Coming Home

Submitted by Kyleigh on Thu, 09/16/2010 - 06:45

I wrote this about a year and a half ago, and pulled it out a while ago, trying to find something to post on AP. I realized I like it a lot more than I thought  I did. I don't really care for the title - any other ideas?
I have a few more things to post on AP before it closes - I have some more of Nikolai, perhaps a ballad, and the opening of a story I'm writing with Anna.
I do have a Facebook, message me if you'd like to add me and I'll search for you.

I am a daughter, the daughter of a King.

    Admittedly, I didn’t always think like that. My dad and I were good friends, and I loved my heavenly Father – or, at least, I thought I did. Little did I know at the time that the way I was choosing to go in my life was completely contrary to God’s calling for women. I grew up in a house full of boys. My mother had died in a tragic accident when I was eight, leaving my dad to run a household with six boys and a girl.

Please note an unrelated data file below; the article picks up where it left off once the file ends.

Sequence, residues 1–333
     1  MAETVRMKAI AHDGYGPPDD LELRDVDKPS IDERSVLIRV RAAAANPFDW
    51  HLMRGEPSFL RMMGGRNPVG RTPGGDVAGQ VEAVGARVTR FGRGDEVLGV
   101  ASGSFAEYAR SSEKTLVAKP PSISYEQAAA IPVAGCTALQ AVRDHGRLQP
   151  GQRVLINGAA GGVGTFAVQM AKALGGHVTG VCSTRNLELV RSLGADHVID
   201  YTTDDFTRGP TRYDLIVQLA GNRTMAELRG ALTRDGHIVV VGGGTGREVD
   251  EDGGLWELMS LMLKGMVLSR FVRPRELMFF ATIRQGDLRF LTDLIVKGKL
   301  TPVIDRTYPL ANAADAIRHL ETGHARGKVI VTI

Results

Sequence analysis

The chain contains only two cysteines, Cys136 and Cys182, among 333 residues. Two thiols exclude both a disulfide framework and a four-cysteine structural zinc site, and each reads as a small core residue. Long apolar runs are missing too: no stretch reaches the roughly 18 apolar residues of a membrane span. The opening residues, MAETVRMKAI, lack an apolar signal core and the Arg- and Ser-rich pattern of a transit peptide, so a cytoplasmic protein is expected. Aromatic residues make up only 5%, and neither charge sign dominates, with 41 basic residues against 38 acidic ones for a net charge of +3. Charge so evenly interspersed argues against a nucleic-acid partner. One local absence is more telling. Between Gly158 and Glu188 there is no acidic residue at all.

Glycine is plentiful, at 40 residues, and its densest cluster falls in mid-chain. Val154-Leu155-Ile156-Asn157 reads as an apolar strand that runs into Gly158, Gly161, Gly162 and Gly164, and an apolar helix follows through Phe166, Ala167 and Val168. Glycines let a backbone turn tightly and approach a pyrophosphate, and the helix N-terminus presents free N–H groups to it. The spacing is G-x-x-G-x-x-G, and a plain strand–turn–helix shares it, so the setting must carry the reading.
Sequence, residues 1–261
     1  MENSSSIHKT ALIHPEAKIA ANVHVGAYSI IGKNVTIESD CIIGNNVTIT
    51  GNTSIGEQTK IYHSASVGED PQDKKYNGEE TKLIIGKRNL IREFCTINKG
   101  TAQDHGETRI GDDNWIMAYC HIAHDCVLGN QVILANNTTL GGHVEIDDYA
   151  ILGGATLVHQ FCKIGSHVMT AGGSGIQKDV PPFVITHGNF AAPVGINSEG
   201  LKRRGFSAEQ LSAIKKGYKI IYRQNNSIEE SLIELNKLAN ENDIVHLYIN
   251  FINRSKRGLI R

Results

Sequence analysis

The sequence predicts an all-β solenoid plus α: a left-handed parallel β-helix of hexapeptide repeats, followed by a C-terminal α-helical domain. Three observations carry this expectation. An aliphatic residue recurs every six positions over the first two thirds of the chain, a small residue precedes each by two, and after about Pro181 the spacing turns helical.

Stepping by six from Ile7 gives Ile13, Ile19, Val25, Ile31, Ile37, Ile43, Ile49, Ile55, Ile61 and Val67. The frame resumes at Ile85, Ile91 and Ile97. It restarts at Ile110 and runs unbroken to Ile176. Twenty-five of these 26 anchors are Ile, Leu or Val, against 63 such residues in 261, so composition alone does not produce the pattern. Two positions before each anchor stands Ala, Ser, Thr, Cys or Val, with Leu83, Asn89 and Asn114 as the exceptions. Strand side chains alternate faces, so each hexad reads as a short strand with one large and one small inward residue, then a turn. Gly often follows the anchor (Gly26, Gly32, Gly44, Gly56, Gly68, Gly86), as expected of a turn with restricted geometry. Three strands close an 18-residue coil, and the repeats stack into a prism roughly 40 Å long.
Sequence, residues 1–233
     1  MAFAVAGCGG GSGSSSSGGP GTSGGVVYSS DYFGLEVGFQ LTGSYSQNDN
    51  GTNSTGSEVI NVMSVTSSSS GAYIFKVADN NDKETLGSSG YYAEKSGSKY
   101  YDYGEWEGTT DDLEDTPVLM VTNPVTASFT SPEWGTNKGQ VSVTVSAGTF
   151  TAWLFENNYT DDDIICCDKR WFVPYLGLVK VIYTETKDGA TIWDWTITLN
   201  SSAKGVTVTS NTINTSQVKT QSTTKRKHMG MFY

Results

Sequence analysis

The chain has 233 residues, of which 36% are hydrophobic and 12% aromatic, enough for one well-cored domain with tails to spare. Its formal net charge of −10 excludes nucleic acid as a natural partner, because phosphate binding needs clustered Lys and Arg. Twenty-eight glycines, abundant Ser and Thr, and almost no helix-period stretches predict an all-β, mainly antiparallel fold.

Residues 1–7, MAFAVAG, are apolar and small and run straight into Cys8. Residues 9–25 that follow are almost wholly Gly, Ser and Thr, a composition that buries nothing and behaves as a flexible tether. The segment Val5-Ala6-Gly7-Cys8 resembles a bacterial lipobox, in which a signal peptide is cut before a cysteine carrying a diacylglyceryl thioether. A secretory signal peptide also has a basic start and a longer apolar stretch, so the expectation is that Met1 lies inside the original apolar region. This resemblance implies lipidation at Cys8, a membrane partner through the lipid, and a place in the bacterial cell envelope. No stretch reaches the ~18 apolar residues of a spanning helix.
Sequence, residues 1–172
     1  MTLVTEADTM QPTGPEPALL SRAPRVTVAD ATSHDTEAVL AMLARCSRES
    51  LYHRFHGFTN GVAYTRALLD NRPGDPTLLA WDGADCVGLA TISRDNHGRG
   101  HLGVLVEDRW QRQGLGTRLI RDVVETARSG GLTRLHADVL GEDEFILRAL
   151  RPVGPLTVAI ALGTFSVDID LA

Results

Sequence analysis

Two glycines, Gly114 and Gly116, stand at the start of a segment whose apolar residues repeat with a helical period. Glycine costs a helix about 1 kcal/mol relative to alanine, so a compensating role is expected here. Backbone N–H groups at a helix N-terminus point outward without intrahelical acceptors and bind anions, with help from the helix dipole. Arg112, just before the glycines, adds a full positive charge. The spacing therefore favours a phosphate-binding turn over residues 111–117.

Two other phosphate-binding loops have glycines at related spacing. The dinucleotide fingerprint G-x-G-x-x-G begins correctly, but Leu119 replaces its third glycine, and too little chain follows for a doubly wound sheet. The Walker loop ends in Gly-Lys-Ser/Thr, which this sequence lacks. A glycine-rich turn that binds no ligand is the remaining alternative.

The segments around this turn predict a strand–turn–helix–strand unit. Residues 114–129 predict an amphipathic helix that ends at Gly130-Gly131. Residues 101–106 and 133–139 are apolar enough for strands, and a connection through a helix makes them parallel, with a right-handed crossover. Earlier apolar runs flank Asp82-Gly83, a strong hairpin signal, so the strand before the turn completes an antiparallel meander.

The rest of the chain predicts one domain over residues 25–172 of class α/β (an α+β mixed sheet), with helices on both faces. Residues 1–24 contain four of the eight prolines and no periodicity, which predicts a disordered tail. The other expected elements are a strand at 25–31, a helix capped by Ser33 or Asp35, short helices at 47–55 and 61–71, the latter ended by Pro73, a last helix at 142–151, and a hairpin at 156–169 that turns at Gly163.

Mornings would start with a five AM wake-up call from my oldest brother, Jefferson. He was usually known as “Jeffy,” around the house, even though now at eighteen he hated that nickname, but it stuck too much to get rid of. He and his twin – younger by twenty-two minutes and fifteen seconds – would stand in the hallway of the upstairs of our house with a football. Owen would look at Jefferson, and nod. “SET, HIKE!”